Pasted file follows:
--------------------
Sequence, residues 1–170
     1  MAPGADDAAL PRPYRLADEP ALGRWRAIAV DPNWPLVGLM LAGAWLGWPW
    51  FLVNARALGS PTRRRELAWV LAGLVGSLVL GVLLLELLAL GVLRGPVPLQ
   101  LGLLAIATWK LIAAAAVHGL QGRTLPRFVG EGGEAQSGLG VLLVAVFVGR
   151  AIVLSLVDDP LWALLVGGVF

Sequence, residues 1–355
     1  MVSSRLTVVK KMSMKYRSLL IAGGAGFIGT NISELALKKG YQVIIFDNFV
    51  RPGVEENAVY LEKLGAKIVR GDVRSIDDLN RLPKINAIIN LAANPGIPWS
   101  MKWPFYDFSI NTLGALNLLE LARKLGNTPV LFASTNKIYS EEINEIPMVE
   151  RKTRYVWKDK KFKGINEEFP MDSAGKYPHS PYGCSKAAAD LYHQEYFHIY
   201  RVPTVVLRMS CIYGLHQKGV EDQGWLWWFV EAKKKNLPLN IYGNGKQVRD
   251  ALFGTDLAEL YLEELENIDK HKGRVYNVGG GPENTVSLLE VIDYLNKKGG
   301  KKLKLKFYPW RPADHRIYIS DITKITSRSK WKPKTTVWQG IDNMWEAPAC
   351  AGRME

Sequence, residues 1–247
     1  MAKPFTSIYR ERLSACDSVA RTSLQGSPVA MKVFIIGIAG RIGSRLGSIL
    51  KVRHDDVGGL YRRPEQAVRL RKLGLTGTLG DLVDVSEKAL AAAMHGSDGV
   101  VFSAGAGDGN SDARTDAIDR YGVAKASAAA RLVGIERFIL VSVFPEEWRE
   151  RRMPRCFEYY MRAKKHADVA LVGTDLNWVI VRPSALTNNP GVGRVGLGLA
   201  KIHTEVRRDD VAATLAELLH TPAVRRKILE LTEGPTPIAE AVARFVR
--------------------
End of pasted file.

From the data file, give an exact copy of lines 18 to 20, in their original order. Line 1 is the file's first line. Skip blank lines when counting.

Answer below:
   101  VFSAGAGDGN SDARTDAIDR YGVAKASAAA RLVGIERFIL VSVFPEEWRE
   151  RRMPRCFEYY MRAKKHADVA LVGTDLNWVI VRPSALTNNP GVGRVGLGLA
   201  KIHTEVRRDD VAATLAELLH TPAVRRKILE LTEGPTPIAE AVARFVR